I’m not sure what I want to write. There are so many things running through my head. They range from inspirational to raunchy. Maybe I should just write something that inspires you to be raunchy. Whatever this turns out to be, I’m going to just write.

Something in me believes that I can change the world. Not the whole world, but my world and the world around me. There are days when I see this world we live in as evil and hopeless. But my immediate world is beautiful. The people I know and associate myself with happen to enrich my life and motivate me. I aspire to do the same. To be as valuable to others as these treasures are to me.

Yes, people are treasures. Some manage to glisten and shine brightly and are easy to see while others must scrape off the muck and sludge that life has piled on them.

Either way, everyone has value. Even if one’s life is not

so admirable and serves as a cautionary tale, it has value. This reminds me of a woman named Shorty.

About sixteen years ago i lived in a homeless shelter with my five children.

They had a room for clients called The Drop In Center. It was next to the library which held a bunch of books that the kids couldn’t read because there was no one monitor it. The drop in center was where clients could go to look and make calls for apartments. It was run by a client and when you went there it was mostly the same clients gossiping and smoking cigarettes.  When the client who ran the center moved out of the facility I asked if I could have a shot at it. The director gave me an enthusiastic”yes”.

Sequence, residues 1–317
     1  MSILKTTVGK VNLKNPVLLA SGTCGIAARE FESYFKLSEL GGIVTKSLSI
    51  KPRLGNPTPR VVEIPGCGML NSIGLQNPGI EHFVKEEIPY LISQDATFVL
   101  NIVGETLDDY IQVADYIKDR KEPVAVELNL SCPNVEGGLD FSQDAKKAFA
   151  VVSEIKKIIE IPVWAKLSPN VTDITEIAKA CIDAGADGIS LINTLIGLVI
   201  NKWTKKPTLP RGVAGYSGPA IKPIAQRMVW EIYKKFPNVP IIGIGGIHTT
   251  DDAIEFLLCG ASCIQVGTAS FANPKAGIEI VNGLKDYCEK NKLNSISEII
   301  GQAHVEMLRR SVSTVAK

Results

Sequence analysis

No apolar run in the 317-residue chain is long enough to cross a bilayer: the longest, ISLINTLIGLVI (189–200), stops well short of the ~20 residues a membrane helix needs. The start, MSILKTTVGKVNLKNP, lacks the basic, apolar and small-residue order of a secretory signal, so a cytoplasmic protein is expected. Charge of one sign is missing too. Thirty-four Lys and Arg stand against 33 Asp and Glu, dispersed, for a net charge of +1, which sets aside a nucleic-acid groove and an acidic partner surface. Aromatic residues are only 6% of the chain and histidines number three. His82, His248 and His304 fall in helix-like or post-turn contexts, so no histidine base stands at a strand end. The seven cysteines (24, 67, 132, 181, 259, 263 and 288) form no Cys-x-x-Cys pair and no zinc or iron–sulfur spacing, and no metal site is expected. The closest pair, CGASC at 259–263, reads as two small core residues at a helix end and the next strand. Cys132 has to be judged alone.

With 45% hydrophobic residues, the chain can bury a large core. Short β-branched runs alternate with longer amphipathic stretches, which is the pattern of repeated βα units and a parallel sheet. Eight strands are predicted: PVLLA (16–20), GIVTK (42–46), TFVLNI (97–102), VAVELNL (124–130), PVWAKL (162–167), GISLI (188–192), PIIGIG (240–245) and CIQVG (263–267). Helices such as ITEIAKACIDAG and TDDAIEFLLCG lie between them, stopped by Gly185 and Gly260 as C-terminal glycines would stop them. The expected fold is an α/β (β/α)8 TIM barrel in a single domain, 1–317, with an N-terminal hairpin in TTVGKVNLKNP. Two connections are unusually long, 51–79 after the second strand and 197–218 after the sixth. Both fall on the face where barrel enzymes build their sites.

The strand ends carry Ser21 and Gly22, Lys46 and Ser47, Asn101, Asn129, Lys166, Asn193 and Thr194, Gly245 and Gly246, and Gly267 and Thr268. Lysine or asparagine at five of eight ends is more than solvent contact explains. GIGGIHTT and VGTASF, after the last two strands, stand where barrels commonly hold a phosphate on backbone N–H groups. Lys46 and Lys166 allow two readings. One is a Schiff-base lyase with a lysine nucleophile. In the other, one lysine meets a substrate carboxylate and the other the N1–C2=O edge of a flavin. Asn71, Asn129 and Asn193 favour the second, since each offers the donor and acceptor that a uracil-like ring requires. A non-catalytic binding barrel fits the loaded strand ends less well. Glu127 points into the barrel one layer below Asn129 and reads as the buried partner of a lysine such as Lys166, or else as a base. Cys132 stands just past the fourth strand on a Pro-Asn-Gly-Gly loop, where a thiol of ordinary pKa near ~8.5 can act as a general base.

Aside from posting for housing and jobs I offered homework help and reading for the kids. It became a family place. I also had my incense and oil hustle going on. The weed smokers loved the strawberry and cherry incense. One of the women that used to come in was named Shorty. She was about five feet tall, brown skin and she was there with four children and  a grandchild. Shorty was clearly a drug user and I don’t mean weed. She was  a nice lady with a little slick that lay just beneath the surface. A slick that may have gone unnoticed had I not been exposed to this kind of slick in my personal life.

Shorty would sometimes come sit and talk with me. Truth be told, although I lived in the same shelter, received public assistance, food stamps and Medicaid just like the other clients in that shelter, something in me thought I was better. Shorty was not a person I would find myself in an extended conversation with, but, it happened. Several times she dropped into the drop in center and we chatted it up. The more we talked about life and family the more I relaxed and the more I realized…people are just people. Underneath it all, we’re all just people.

I don’t remember anything specific that came out of
my conversations with Shorty, but I remember the lesson I took away. I learned how to level people. No one is above me or beneath me. Whether you are my boss who was a captain in the Army Reserves or someone who finds some comfort in the use of substances…it could be me. Therefore, it is me. You are me and I am you. I going to treat you the way I wish to be treated.

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